Our reading from Luke today is about John the Baptist—he is the one who is to prepare the way for the Holy One, for Jesus. Much was made of this point in the early church, and we aren’t sure why now—but John says to Jesus, “I must decrease that you may increase,” and the logic of the early church put John’s feast day exactly opposite Christmas in the calendar, on June 25. But the point is that John is to prepare the way—to get people, the world, society---ready for God’s coming among them as the Christ, the anointed one, Jesus. That’s his job.
And, my friends, it’s our job, too. We are to be preparing for Jesus’ coming among us, both as a child at Christmas, and in glory, at that time that only God knows for sure. Christmas is a remembrance of his coming among us as a human being, as a tiny child, to grow and live as one of us, to know what it is like to be a human being, to experience the love and joy and terror and pain and sorrow and hope of being human. It’s a time to celebrate because God’s own child will be here, among us, present with us. That’s a very special guest indeed.
And what is it that Jesus is to bring? Baruch and Luke both speak of peace, of harmony. The Hebrew word “shalom” which is used here, means peace, yes—but so much more. It means a working together, a partnership, a mutual support network, lifting each other up, without jealousy or spite. It means having a secure foundation of trust in others, based on a knowledge of God’s love and care for each one of us, so that we know there is plenty for everyone, and we share that plenty—whether it is finances, time, service, love—with those who need what we have to give.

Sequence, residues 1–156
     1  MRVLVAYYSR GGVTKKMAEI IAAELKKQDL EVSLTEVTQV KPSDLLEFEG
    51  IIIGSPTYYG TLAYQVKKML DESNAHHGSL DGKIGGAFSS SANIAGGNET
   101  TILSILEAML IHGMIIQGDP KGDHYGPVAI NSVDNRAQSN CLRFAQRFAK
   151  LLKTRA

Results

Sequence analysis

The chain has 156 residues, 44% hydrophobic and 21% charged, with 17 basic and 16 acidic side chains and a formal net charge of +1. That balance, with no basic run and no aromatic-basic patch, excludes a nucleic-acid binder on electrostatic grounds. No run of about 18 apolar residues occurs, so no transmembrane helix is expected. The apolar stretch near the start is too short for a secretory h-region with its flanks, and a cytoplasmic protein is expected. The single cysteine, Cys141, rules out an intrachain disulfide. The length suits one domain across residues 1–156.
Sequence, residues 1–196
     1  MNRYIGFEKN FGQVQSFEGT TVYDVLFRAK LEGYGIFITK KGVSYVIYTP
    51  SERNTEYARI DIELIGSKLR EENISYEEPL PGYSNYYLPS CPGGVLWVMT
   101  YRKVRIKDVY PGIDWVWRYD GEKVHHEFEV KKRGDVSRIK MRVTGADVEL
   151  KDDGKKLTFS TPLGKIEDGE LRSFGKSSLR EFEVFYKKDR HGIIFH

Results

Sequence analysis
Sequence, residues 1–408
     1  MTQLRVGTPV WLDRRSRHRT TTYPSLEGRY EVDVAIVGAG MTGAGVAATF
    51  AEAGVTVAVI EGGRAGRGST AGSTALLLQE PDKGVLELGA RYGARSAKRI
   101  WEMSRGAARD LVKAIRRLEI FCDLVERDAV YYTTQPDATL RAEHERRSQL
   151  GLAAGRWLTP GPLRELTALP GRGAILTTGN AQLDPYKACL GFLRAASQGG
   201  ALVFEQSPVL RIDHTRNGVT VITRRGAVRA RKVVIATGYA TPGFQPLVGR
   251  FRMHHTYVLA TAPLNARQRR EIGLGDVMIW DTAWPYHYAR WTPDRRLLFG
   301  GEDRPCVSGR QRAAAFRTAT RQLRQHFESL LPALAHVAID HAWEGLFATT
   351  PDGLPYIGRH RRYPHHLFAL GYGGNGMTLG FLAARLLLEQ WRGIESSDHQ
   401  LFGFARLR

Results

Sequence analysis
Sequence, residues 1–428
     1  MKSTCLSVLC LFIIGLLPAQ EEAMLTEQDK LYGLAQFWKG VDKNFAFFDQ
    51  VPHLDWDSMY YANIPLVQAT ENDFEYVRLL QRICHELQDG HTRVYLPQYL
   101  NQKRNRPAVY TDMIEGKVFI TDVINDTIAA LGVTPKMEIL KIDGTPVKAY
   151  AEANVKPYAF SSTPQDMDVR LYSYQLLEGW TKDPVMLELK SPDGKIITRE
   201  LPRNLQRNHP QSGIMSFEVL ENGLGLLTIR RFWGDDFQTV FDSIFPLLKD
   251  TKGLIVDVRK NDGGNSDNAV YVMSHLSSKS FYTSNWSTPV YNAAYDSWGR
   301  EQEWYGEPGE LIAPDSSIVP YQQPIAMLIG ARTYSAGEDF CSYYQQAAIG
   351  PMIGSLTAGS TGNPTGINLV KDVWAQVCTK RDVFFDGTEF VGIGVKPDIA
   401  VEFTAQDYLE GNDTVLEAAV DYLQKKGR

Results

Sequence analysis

Now, that sounds a lot like an intimate relationship—that partnership of mutual care and support and trust and caring. Think about your relationships—with partners, family members, friends, co-workers. The best were and are the ones with that basis of trust and care and mutuality. They weren’t concerned about who spent more on Christmas gifts for the other—but whether the gift was needed and wanted and meaningful. They weren’t worried about who got to choose where to go to dinner most of the time—but whether the meal was good. They weren’t worried about who did more house work—but that each person did what they were best at.
However, we all also know that relationships take a lot of work—conversation, trust, sometimes some pain, trying this and that to see what works. It’s a balancing act, right? So if it is this difficult and tricky one-on-one, with people we know and love—our parents, siblings, partners, best friends—it’s no wonder that groups of people often can’t get along!
But just because something is difficult doesn’t mean it can’t or shouldn’t be done. And this is our work of preparing. This is what Charles Dickens, that ultimate Christmas story writer, emphasised in his stories like The Christmas Carol and The Chimes—we don’t live for only ourselves, but for others, in mutual support and caring. When we care for others, when we offer them what we have—whatever it might be, however small it might seem—we are clearing the path, the way, for Jesus’ coming among us.
As we decorate our homes, as we cook and clean and bake and shop for gifts, let’s remember what we are really preparing for—the arrival of the most special guest of all—Jesus Christ, child of God.
In all God’s many names, amen.